Lawrence Livermore demo first 4D printed silicone form fitting material

Lawrence Livermore National Laboratory (LLNL) has revealed more details about its 4D printed silicone material.

When squashed down to a fraction of its size, the polymer is capable of regaining its original shape, giving it properties suitable for form-fitting cushioning like that found in clothes, motorcycle helmets, and shoe insoles.

Discovered by chance, LLNL researchers now have a patent pending for the material’s commercial use.

Compression tests of LLNL's 3D silicone shows how well it recovers its initial shape. Image via Scientific Reports
Compression tests of LLNL’s 3D silicone shows how well it recovers its initial shape. Image via Scientific Reports

A serendipitous discovery

Initially, the LLNL team were attempting to engineer a shape-memory hierarchical porous material, used in commercial adsorbents and catalysts for things like gas and air filters.

Contrary to what the researchers expected, the developed porous material did not automatically recover its shape after compression.

LLNL scientist Ward Small explains, “We weren’t really thrilled about that, but we had experimented with shape memory in the past and tried to see if it could recover its shape when heated.”

“We tested it and it did.”

4D printed micro balloons

The material is actuated by gas filled micro-balloons embedded in a silicone ink. When cold, the gas inside the balloons is compressed, giving the material its natural flat state.


Concentration of micro-balloons inside the 3D printed silicone ink. Image via Scientific Reports journal
Concentration of micro-balloons inside the 3D printed silicone ink. Image via Scientific Reports journal

Heating the material creates activity in the gas causing the balloons to expand and take on a larger shape.

When it cools again, the crosslinked silicone allows the material to recover its original shape.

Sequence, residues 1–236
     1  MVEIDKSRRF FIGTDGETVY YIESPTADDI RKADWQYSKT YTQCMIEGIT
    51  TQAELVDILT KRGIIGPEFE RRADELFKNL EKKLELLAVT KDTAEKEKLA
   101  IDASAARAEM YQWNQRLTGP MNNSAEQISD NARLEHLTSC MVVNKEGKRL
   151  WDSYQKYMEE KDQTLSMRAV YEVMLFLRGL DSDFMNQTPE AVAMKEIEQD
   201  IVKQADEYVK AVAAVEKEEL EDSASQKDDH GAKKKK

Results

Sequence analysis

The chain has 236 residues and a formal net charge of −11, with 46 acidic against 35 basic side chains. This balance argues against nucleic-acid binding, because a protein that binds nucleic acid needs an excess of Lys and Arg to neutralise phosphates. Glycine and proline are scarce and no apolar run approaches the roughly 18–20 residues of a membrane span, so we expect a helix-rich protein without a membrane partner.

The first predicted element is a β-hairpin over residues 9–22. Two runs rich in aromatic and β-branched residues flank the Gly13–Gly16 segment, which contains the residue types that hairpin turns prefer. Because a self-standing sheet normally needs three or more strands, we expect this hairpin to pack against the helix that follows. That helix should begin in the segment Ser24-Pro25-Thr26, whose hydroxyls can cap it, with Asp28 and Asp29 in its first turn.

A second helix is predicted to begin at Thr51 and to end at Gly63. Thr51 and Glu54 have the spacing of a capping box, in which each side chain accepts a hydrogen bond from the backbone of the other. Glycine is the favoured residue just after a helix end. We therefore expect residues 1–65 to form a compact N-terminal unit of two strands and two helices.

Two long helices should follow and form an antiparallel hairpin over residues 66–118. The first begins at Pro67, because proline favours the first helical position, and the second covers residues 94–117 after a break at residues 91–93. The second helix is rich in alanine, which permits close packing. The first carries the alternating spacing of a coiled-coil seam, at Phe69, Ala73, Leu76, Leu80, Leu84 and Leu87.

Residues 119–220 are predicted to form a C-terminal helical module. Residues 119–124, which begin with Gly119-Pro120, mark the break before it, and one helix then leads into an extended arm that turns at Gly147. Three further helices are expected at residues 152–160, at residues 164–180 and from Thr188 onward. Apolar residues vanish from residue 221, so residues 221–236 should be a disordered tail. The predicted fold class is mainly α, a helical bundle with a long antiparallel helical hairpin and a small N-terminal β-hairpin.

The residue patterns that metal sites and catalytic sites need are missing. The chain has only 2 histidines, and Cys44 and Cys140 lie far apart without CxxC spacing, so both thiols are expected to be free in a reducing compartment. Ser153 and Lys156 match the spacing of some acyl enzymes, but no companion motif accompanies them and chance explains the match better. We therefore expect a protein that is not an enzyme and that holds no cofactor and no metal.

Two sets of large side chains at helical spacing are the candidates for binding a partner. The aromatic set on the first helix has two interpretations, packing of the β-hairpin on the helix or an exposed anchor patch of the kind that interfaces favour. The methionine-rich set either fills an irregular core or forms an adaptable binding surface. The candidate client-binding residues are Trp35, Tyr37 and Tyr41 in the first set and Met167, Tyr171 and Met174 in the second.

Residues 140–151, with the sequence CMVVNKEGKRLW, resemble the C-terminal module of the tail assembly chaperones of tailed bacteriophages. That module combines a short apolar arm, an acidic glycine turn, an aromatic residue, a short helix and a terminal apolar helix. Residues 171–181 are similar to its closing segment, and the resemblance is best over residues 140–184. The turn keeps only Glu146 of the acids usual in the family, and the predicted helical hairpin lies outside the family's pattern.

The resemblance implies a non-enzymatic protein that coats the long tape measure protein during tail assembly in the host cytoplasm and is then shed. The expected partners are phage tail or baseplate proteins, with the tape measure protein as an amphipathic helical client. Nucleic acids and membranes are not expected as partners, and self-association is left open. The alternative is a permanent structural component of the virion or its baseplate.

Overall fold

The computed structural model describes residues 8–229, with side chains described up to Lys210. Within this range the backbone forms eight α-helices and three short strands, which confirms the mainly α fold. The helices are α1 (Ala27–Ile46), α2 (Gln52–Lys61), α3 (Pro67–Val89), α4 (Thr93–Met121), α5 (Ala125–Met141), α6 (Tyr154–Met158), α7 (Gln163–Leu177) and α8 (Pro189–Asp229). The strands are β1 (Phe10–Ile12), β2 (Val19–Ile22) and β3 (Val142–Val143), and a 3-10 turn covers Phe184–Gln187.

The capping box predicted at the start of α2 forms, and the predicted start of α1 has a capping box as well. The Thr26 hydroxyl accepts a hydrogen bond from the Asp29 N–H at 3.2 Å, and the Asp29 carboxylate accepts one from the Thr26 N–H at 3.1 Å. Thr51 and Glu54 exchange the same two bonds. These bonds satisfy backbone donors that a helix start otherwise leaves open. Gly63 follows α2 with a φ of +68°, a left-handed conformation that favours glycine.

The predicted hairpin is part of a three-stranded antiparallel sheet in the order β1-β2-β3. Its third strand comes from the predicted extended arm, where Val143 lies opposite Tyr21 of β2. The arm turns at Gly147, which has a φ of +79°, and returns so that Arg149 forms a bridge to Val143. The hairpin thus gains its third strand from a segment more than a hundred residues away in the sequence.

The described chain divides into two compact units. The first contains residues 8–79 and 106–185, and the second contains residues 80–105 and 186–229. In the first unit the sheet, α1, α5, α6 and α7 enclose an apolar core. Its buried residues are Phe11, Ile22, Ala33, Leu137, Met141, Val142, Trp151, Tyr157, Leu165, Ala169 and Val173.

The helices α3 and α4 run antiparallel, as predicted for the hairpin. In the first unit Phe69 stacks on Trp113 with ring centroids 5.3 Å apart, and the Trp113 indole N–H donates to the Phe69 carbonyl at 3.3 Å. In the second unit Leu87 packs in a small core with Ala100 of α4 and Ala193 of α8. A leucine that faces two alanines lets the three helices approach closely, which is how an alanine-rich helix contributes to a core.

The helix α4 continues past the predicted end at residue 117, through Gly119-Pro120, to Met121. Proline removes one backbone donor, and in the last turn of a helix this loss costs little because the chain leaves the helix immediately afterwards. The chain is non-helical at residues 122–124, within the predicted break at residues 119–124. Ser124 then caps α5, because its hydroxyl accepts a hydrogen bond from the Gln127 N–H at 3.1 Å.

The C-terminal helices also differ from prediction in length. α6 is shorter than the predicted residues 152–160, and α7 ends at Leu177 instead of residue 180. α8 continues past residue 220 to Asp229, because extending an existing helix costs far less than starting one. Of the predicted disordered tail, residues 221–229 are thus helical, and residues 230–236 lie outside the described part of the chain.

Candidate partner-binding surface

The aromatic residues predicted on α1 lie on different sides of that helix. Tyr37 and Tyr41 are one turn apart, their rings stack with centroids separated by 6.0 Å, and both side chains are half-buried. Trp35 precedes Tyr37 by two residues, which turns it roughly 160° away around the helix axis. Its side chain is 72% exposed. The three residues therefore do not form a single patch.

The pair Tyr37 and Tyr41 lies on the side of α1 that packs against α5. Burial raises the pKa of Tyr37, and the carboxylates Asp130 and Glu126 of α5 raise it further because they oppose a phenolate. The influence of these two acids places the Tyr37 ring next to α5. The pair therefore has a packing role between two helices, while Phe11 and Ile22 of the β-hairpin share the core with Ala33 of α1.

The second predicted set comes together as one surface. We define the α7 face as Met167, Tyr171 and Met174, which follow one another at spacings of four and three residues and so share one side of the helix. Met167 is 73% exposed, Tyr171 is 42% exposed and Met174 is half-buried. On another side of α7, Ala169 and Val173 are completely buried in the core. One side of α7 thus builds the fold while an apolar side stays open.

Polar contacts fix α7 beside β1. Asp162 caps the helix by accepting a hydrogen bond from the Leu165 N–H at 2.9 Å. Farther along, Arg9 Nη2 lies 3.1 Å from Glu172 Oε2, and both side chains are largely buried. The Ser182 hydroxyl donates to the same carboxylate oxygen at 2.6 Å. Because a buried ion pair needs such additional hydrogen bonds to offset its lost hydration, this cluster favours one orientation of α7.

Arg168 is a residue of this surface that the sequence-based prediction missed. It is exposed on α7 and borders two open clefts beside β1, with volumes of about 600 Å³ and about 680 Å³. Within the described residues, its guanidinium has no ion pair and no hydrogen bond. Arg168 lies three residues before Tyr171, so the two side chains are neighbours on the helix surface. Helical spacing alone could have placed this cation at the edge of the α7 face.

Commercial use

This process of expansion and compression happens in an entirely predictable and repeatable way, meaning that it could be advantageous to a range of commercial applications. LLNL materials scientist Eric Duoss suggests, “You could use this for any customized mechanical energy-absorbing material,”

“The neat thing is if the wearer grows a little bit and wants to refit the material, they just heat it up [e.g. in warm water] to expand it, put it on and let it cool to once again customize the fit. It’s reversible. It’s a completely new material really, and we’re excited about it.”

As such, the researches have since filed a patent application for intellectual protection of the material’s properties.

Direct ink writing is the key

The decision to 3D print micro-balloon silicone has been important to the material’s success. By using direct ink writing (DIW) the researchers were able to make more functional, lightweight products, and apply greater control over an object’s design.

The fourth dimension of the technique, as in research from Skylar Tibbits Self-Assembly Lab, is time, i.e. the period of transformation between heating and cooling.

Concluding comments from Duoss explain how “Historically, shape memory polymers tend to be very rigid,” e.g. memory foam mattresses, “By incorporating micro-balloons into a rubbery matrix, we’ve created a composite that is soft and stretchy,”

“[The effect] is a shape memory material with previously unattainable qualities. It turned out to be very fortuitous.”

3D Printed Silicones with Shape Memory is published open access in the journal Scientific Reports. It is co-authored by Amanda S. Wu, Ward Small IV, Taylor M. Bryson, Emily Cheng, Thomas R. Metz, Stephanie E. Schulze, Eric B. Duoss and Thomas S. Wilson.

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Featured image: (From left) LLNL researchers ) Ward Small, Amanda Wu and Taylor Bryson examine a wafer of 4D silicone material. LLNL photo by Carrie Martin.